Shane Victorino has hit exclusively from the right side for the past six weeks, so it was a bit of a surprise to see him bat left-handed against Anibal Sanchez in Game 5 of the ALCS on Thursday night. However, after going 0-for-3 against Sanchez, he flipped back to the right side against relievers Jose Veras and Al Alburquerque. And from what he told Jerry Crasnick of ESPN.com, he’s not planning to change things up as the postseason continues.
“I thought I’d give it a try, but it wasn’t what I expected,” Victorino said. “It just wasn’t there. I saw the ball well, but I just wasn’t comfortable with the swing and the whole approach. I felt as if I was trying to rush to get to everything. It’s hard to change, especially since I hadn’t done it for two months.”
Victorino originally abandoned hitting left-handed following a hamstring injury in early August. Prior to Thursday’s game, his last at-bat from the left side was on September 3. The 32-year-old is hitting just .229 (8-for-35) with one extra-base hit and 12 strikeouts this postseason, so the urge to try something different is understandable, but it’s a little late for experimenting. Hey, at least he continues to have a knack for getting hit by pitches.
On Sunday, we learned that while the Nationals would continue to pay their minor leaguers throughout the month of June, their weekly stipend would be lowered by 25 percent, from $400 to $300. In an incredible act of solidarity, Nationals reliever Sean Doolittle and his teammates put out a statement, saying they would be covering the missing $100 from the stipends.
After receiving some criticism, the Nationals reversed course, agreeing to pay their minor leaguers their full $400 weekly stipend.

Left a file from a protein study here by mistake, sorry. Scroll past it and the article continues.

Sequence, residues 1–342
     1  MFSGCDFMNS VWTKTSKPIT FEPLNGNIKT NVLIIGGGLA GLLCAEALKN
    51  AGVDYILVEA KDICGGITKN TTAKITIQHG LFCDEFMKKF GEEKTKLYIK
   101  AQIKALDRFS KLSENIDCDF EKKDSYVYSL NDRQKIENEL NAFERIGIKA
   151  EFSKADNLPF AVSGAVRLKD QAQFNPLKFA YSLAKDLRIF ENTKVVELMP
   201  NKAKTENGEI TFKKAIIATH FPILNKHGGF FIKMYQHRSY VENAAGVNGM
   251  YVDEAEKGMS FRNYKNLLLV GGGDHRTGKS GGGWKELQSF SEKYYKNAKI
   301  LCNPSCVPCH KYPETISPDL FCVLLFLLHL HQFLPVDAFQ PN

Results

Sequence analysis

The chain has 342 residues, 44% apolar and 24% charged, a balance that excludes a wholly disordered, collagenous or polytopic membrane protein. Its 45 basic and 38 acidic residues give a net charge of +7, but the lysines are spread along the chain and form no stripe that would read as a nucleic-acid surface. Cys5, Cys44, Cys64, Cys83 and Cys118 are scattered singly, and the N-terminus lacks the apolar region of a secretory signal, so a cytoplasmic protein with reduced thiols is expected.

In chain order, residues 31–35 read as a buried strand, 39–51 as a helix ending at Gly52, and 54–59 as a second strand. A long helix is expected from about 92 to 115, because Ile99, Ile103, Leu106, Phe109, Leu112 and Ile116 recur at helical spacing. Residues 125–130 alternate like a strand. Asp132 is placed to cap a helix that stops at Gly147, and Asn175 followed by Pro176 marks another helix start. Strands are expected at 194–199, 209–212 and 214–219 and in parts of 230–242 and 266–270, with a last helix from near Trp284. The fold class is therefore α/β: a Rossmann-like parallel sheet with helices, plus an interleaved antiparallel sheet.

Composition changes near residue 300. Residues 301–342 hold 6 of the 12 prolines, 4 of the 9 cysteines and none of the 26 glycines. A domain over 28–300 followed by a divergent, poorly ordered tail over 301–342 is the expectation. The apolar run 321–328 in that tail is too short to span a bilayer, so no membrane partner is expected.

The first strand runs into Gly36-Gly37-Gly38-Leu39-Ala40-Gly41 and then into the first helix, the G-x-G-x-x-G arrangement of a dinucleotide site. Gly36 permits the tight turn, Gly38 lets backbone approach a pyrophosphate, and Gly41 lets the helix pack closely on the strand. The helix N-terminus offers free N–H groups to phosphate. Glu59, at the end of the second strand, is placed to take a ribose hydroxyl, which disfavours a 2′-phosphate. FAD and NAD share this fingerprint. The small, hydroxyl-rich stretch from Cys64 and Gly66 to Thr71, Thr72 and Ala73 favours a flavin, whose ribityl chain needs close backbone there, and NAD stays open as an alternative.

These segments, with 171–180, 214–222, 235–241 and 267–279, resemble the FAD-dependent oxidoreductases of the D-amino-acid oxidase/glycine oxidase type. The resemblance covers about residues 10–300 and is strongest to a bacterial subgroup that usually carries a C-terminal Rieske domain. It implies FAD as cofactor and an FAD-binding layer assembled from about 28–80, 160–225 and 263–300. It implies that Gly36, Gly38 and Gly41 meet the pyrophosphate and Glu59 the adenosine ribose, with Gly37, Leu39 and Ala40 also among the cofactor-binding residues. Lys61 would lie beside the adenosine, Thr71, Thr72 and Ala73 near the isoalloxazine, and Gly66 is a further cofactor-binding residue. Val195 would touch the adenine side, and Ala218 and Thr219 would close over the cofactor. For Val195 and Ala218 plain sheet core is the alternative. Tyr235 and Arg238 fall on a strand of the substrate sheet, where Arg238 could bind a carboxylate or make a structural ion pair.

Doolittle and co. have not withdrawn their generosity. On Wednesday, Doolittle released another statement, saying that he and his major league teammates would continue to offer financial assistance to Nationals minor leaguers through the non-profit organization More Than Baseball.
The full statement:
Washington Nationals players were excited to learn that our minor leaguers will continue receiving their full stipends. We are grateful that efforts have been made to restore their pay during these challenging times.
We remain committed to supporting them. Nationals players are partnering with More Than Baseball to contribute funds that will offer further assistance and financial support to any minor leaguers who were in the Nationals organization as of March 1.
We’ll continue to stand with them as we look forward to resuming our 2020 MLB season.
Kudos to Doolittle and the other Nationals continuing to offer a helping hand in a trying time. The players shouldn’t have to subsidize their employers’ labor expenses, but that is the world we live in today.